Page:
Of course one can think of so many situations in which one's mastery of the skill proceeds from the conscious to the subconscious – riding a bicycle, typing, driving a car, swimming, and so on.

We may go on to consider situations where the conscious and subconscious go in different directions, as happens in mental disturbances handled by psychiatrists. It also happens that one may consciously claim to be something which is only superficially admitted, while deep in the mind one knows himself/herself not to believe in that which he/she claims to believe – this is the condition of the hypocrite. This mismatch of the two levels of consciousness is an important topic in the Qur'an, such as in the following example: "Those whose efforts have been wasted in this life, while they thought that they were acquiring good by their works." (18:104)

But how does all this pertain to the problem of authority and knowledge? Something definitely goes wrong in the Muslim world in this relationship between the body of scholars and the ruling elite. And we need to take this up in earnest. Since the mid 1960s I have felt the need to shed light on this situation, and back then I made a first attempt at this in my first book, The Way of Adam's son.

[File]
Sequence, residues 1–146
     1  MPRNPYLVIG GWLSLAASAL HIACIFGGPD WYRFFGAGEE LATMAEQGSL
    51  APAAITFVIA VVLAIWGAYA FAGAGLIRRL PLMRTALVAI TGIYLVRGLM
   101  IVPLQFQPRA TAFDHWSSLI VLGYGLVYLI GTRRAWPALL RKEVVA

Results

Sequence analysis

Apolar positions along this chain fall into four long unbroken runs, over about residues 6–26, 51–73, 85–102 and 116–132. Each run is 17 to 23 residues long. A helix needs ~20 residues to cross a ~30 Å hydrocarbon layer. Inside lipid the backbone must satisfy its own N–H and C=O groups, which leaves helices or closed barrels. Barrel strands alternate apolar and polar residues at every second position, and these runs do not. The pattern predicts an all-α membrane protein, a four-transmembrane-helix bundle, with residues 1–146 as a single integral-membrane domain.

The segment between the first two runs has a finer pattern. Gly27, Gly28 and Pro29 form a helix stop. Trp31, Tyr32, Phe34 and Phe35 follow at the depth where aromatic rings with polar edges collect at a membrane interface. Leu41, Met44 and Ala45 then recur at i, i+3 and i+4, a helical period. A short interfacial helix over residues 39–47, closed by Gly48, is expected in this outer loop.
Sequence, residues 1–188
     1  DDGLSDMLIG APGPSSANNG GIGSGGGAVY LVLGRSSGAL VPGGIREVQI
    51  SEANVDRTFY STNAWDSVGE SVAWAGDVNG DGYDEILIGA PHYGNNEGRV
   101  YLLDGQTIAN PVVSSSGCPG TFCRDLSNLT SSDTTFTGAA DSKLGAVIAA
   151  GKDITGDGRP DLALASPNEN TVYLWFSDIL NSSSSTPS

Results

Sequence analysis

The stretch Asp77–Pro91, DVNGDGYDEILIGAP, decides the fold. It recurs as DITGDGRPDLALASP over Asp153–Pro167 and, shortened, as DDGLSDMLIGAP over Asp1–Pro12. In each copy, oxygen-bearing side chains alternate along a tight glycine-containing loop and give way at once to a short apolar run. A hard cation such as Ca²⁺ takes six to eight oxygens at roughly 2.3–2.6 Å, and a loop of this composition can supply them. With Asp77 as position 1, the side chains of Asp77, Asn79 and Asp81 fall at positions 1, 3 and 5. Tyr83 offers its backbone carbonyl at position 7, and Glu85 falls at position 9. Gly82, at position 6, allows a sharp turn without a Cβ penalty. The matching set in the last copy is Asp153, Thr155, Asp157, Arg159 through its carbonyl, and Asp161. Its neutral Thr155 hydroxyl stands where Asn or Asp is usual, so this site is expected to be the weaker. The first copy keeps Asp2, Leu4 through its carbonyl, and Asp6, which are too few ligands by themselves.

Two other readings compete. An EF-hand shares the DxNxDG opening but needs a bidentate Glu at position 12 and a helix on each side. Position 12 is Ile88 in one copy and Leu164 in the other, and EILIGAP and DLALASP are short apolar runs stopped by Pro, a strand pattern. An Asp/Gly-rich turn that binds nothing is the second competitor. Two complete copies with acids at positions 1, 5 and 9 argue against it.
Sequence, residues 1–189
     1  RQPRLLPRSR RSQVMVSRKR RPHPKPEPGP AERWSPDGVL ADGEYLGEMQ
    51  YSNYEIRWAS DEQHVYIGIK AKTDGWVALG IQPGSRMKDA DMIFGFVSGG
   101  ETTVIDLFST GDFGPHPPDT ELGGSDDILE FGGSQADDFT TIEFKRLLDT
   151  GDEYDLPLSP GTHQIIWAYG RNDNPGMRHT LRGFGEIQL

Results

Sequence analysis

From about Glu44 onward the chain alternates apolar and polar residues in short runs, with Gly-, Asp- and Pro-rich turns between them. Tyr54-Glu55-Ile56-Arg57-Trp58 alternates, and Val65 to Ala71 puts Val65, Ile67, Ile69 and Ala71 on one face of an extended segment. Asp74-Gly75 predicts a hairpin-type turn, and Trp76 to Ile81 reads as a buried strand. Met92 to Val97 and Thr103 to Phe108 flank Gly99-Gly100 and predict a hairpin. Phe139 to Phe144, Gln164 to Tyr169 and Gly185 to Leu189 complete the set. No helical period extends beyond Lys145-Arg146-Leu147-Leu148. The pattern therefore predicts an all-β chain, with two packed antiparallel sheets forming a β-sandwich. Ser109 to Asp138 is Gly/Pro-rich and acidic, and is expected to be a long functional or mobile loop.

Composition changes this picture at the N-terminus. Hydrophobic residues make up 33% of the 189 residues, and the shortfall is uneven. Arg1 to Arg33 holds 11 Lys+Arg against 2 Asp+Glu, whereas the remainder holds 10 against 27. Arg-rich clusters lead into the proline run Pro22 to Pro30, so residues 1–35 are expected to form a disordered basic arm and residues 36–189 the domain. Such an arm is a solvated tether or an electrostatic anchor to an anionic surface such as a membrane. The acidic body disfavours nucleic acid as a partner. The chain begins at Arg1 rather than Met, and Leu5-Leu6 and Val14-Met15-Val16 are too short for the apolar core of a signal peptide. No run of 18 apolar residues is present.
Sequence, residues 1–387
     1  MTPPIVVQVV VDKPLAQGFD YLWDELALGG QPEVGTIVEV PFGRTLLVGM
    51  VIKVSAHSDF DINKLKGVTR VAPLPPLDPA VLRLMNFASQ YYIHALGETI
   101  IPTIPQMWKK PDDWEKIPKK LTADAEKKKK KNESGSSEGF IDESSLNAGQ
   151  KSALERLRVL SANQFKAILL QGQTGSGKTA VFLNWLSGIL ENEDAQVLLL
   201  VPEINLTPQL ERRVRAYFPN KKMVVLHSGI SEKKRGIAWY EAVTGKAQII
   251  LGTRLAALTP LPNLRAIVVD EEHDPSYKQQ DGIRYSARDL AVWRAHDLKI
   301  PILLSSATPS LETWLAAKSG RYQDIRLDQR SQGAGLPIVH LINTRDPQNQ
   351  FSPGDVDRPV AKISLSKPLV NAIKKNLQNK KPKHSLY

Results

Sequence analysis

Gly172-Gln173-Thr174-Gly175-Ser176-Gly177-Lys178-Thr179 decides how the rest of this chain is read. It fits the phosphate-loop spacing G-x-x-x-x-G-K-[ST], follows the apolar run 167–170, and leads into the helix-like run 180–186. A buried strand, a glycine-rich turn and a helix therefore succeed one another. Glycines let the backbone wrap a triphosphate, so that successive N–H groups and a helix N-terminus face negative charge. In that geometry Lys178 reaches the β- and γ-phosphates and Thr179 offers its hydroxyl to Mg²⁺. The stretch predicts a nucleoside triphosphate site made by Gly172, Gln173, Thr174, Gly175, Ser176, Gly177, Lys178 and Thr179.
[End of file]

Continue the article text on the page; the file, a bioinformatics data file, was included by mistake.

Now in the right order of things knowledge should use power to serve the good of people. We see this for instance in harnessing powers like electricity to do us various services. While electricity can shock or even kill a human in case he/she does not know how to deal with it – it is really not in electricity's nature to surrender to human beings and to help them; it is rather people's learning about its laws that enabled them to subdue it and use it to their good.

From this we may reflect on another point that is related to our discussion: people, even the scholarly ones, generally hold to things they have heard so many times, and deny what is new to them. But let us further reflect that some of the ideas and norms that we now accept without difficulty caused some people in the past to be tortured for holding them. It is often unfortunate how long it takes a novel idea to get to be commonly accepted. We may readily accept innovations in technology, but that is not so in social matters. It is much harder for social facts to get settled in the subconscious.

All that we have gone through about this conscious-subconscious business is quite relevant to our discussion of the authority and knowledge and men of knowledge.